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Hundreds of articles in medical journals claiming to be written by academics or doctors have been penned by ghostwriters in the pay of drug companies, an Observer inquiry reveals. The journals, bibles of the profession, have huge influence on which drugs doctors prescribe and the treatment hospitals provide. But The Observer has uncovered evidence that many articles written by so-called independent academics may have been penned by writers working for agencies which receive huge sums from drug companies to plug their products.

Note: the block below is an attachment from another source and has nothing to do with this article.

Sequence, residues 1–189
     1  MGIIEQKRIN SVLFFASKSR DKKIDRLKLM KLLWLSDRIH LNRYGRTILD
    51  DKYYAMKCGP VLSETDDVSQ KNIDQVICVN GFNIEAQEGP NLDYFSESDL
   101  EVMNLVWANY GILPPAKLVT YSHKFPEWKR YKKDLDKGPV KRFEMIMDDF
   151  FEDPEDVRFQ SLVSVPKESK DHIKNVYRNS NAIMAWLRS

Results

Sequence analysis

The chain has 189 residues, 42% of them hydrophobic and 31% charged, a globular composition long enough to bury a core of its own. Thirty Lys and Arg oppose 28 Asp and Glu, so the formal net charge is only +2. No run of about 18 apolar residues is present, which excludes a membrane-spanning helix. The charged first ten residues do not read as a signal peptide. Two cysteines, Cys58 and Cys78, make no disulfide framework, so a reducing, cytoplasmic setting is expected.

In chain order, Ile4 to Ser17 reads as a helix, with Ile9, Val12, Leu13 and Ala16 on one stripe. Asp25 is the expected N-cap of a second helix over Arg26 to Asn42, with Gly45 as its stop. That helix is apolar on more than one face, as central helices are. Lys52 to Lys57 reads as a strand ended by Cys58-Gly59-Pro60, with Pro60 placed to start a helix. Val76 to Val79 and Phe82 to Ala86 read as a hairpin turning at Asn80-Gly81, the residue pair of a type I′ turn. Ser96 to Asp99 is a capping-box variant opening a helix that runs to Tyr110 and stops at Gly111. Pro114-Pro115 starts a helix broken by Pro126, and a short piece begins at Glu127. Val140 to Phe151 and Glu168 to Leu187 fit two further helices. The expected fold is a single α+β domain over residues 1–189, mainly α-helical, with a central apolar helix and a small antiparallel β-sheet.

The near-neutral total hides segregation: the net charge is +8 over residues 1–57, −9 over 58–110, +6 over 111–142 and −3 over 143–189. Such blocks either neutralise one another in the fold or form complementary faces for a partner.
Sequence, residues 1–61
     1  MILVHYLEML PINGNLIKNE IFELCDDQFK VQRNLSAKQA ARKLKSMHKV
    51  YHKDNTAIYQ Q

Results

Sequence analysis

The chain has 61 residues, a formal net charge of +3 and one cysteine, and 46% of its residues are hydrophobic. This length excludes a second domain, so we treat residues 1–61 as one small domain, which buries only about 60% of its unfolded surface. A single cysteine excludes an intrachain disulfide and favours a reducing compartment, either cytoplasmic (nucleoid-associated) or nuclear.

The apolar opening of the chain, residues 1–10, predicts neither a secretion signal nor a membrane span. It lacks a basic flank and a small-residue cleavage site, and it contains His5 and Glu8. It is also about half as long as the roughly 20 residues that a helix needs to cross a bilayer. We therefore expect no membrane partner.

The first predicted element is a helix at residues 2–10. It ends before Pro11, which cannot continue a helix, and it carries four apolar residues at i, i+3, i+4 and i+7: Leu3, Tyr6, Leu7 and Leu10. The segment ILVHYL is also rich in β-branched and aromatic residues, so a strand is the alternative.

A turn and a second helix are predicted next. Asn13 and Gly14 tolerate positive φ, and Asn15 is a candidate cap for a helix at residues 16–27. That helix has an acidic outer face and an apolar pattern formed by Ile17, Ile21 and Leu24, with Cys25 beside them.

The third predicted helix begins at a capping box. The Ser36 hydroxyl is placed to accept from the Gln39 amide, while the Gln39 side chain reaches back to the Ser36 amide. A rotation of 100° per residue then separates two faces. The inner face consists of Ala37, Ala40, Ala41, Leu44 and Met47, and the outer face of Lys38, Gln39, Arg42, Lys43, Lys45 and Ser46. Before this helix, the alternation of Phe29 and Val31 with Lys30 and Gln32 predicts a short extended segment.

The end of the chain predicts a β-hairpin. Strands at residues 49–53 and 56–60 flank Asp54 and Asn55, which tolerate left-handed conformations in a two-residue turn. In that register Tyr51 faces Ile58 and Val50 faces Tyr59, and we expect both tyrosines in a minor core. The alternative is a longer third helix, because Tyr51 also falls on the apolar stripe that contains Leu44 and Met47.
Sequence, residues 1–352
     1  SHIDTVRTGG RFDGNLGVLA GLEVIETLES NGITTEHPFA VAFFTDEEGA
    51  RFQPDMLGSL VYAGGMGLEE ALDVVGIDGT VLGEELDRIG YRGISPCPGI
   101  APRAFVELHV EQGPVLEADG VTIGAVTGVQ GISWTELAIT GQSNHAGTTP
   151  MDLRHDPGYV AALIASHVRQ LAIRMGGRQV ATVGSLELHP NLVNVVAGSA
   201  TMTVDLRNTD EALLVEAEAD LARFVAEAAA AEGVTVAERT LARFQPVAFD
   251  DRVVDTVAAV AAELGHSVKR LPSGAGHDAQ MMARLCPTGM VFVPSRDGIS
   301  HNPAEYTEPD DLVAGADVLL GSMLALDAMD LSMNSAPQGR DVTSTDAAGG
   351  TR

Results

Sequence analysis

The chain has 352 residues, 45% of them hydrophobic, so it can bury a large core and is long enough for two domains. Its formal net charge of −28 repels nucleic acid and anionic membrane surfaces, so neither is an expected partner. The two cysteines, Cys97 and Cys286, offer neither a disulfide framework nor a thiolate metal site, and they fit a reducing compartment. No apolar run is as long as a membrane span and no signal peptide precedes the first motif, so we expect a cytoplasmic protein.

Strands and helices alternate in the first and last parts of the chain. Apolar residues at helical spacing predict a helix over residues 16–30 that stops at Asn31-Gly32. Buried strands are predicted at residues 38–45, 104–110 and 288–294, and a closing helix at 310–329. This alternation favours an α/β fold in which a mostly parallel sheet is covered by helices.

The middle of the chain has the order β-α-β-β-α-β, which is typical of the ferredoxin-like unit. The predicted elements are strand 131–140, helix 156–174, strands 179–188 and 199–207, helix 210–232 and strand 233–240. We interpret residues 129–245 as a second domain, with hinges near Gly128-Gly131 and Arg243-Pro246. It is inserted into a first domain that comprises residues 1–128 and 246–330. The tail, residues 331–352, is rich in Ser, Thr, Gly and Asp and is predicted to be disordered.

Estimates suggest that almost half of all articles published in journals are by ghostwriters. While doctors who have put their names to the papers can be paid handsomely for lending their reputations, the ghostwriters remain hidden. They, and the involvement of the pharmaceutical firms, are rarely revealed. These papers endorsing certain drugs are paraded in front of GPs as independent research to persuade them to prescribe the drugs.
Learn more about how drug companies do business in our Health Hub archive.